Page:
Nov 13, 1995 08:37 PM
by K. Paul Johnson
According to Jerry Hejka-Ekins:
> Paul I had to go back into our former dialogues in order to
> reconstruct this part. This is what I have:
> JHE 11/8
> For Sengchen Tulku you have an enigma but very possibly a
> person whom HPB gained information. But Does HPB or HSO
> call him a Mahatma?
> KPJ 11/8
> Don't have the sources in from of me but HSO called him
> "one of our Masters" as I recall.
> JHE 11/9
> KPJ 11/9
> ODL somewhere; can't find the passage offhand. But he
> speaks of the Master of Ceremonies of the Panchen Lama being
> "one of our Mahatmas"--but does so after the death of the
> Sengchen in question so may be talking about his successor.
> I'm really confused here. In Olcott's parenthetical phrase:
> "whose Master of Ceremonies one of our own revered Mahatmas is"
> I understand you are reading to say that this Master of
> Ceremonies of the Panchen Lama is one of our Masters. But since
> Sengchen Tulku was dead Olcott may be talking about his
> OK now my original question was whether or not HPB or HSO
> called Sengchen Tulku a Master. Your original answer was yes
> but with the addition of the idea that Olcott might be talking
> about Sengchen's successor your answer becomes a maybe. Now
> what confuses me is why would Olcott publicly identify Sengchen
> Tulku or even his successor in ODL as a Master if he and HPB
> were trying to keep these identities a secret? If you had found
> this statement in a diary or in a confidential private letter
> then I would understand it as being some privileged information.
> But you are quoting from Olcott's quotation from Sarat Babu's
> "Narrative of a Journey to Lhasa in 1881-82. The parenthetical
> phrase appears to have been added by Olcott. If you are reading
> this correctly then that makes a very public proclamation of the
> identity of a Mahatma to me. Why the reversal of policy in this
> case? Perhaps because he is dead? This is a very intriguing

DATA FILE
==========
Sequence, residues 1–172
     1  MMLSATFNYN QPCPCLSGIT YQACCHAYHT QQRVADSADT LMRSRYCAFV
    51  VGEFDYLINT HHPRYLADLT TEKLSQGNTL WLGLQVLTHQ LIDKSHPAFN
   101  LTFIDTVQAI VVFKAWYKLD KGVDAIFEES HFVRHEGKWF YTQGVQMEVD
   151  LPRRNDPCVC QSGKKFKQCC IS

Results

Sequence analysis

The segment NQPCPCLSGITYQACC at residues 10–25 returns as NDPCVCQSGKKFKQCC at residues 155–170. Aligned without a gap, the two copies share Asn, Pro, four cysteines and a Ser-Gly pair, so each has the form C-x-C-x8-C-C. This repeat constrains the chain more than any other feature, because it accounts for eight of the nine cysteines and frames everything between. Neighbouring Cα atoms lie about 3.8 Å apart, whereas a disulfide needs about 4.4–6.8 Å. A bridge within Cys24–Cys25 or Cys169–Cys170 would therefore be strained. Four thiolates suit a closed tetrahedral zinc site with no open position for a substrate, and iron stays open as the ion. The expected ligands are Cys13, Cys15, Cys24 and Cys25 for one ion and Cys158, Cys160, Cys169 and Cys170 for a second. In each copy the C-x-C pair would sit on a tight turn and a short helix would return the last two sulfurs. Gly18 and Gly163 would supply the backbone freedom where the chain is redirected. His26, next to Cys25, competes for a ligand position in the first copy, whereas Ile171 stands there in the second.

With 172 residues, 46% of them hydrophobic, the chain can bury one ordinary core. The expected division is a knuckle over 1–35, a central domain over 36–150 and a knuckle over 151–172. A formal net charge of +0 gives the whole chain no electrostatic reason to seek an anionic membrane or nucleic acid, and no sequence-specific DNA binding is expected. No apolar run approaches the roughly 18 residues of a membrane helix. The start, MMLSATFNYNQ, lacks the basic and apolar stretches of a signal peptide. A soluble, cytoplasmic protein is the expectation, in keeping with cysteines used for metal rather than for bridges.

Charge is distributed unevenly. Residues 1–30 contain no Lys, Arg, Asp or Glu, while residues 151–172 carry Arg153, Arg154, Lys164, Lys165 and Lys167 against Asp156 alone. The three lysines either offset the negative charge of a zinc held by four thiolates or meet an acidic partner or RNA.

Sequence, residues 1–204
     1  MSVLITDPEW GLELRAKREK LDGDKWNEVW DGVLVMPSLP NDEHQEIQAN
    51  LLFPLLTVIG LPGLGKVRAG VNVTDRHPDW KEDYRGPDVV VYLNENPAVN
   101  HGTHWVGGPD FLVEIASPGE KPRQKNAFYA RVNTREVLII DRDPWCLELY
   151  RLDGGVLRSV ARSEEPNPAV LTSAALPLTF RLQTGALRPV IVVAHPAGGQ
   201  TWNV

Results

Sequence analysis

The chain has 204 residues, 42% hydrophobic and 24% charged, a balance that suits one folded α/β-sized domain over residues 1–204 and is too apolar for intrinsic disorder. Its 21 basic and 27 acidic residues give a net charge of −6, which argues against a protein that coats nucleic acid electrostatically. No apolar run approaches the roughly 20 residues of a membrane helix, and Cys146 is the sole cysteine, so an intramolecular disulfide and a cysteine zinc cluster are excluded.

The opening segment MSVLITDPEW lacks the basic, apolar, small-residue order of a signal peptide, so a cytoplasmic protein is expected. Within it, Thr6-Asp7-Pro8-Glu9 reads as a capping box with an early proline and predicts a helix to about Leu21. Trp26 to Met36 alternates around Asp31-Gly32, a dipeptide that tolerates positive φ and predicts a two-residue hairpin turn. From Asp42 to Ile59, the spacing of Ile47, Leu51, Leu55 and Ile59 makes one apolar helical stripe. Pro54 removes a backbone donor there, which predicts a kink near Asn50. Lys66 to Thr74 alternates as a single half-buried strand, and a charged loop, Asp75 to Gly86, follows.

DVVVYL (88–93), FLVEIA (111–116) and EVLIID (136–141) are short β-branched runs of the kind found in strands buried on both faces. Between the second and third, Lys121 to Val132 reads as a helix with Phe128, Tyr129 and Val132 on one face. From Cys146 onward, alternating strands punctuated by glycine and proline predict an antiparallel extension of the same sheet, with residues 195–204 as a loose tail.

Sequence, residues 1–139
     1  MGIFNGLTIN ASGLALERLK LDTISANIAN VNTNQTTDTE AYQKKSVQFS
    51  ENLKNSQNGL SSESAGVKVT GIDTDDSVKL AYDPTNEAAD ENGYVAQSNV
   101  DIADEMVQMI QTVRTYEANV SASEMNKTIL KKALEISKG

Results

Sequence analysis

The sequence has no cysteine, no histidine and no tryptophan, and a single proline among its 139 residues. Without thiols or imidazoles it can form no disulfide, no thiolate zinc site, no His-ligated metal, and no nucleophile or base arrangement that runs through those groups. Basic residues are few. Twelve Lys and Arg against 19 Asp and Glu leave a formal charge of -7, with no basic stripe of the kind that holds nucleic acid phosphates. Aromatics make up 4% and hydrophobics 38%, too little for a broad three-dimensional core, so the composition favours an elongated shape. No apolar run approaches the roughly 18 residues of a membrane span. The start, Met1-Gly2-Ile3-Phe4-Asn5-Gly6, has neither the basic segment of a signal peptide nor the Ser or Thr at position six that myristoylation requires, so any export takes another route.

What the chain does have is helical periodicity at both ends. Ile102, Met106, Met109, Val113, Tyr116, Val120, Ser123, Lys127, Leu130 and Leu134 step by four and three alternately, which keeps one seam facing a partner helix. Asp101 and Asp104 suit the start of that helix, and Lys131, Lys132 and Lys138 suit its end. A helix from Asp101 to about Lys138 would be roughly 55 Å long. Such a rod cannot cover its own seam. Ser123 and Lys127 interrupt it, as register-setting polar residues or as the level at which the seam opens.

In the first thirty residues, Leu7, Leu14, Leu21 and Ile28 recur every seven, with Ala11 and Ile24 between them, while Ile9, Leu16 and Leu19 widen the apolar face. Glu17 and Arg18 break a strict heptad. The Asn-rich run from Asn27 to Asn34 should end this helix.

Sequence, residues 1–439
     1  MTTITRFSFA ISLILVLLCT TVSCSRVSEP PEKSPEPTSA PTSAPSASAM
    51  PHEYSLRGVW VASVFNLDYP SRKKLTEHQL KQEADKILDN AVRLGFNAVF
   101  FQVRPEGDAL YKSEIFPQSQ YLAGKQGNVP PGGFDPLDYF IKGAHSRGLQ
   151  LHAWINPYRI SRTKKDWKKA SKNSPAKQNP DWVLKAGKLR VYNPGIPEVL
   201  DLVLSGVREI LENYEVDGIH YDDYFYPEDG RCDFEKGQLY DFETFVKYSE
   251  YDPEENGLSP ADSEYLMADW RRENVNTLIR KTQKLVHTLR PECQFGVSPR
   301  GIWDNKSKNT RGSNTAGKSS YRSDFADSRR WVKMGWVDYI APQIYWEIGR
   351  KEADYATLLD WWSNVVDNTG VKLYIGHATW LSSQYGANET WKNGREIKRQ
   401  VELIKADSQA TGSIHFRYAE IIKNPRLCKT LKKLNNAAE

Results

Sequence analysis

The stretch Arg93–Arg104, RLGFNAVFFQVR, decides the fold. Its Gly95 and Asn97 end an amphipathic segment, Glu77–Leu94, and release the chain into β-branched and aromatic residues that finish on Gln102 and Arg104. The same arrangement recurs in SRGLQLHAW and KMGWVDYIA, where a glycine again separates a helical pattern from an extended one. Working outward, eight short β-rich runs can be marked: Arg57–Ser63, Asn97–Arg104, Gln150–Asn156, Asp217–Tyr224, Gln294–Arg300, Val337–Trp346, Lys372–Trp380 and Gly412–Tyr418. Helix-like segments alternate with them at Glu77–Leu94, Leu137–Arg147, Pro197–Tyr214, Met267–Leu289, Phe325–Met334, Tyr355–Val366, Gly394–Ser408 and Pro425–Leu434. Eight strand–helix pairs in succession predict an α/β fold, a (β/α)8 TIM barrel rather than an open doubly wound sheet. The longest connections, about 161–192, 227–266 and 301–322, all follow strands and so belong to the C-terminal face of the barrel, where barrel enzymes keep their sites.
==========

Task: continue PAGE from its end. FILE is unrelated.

> passage but seems to simultaneously help and hurt your case.
> Jerry HE
I'm glad to be focusing on this part of the book because it
seems to me to have some more fruitful possibilities in terms
of confirmation than some of my other speculations. First let
me say that HPB doesn't use the word Master or Mahatma but
calls the Sengchen the "Chohan Lama of Shigatse." Which is
enough for me. As for Olcott the very ambiguity of whether he
is talking about the Sengchen who was in office at the time of
Das's visit or the present one makes it a blind of sorts.
In the case of the Sankaracharya all the passages calling him
an Initiate Adept etc. are in private letters as one would
expect in such a case.
Three possibilities suggest themselves as to why Olcott would
drop such a clue:
1 Without HPB around to censor him he was simply indiscreet
not realizing that this was perhaps unwise to say.
2 The one you suggest; he is talking about someone dead and
feels that the need for secrecy is no longer a factor.
3 What I suspect is the main reason which is the same motive
I see in lots of HPB's references to the Masters. This relates
to Jerry S.'s comments on "blinds." That is to tell the truth
in salient details but to be vague or misleading about others so as to leave
wiggle room if people get too inquisitive. This goes back to
what I said in the talk at Berkeley in response to Apr's
question about the Mahatma letters. At first they are
unambiguous about K.H. being a resident of Amritsar being
named Singh and fairly clear about his being a Sikh. This
kind of detail whets the curiosity of Sinnett and he starts
asking questions. The questions cause HPB and her Masters to
realize the need for throwing him off the track and in comes a
bunch of stuff about Tibet. Check out the difference between
the K.H. of 1880 and of 1883. By the latter year Mohini is
coming up with testimonies that there is an entire sect of his
disciples in Tibet. In some places M. and K.H. are depicted as
Hindu and Sikh; elsewhere Buddhists. Also in
1882-3 we see HPB Ramaswamier and others heading off to meet
the Mahatmas in Sikkim while a year later Olcott Damodar
Brown meet them in Lahore and Jammu. Lots of confusion about
where they are and deliberately so IMO.
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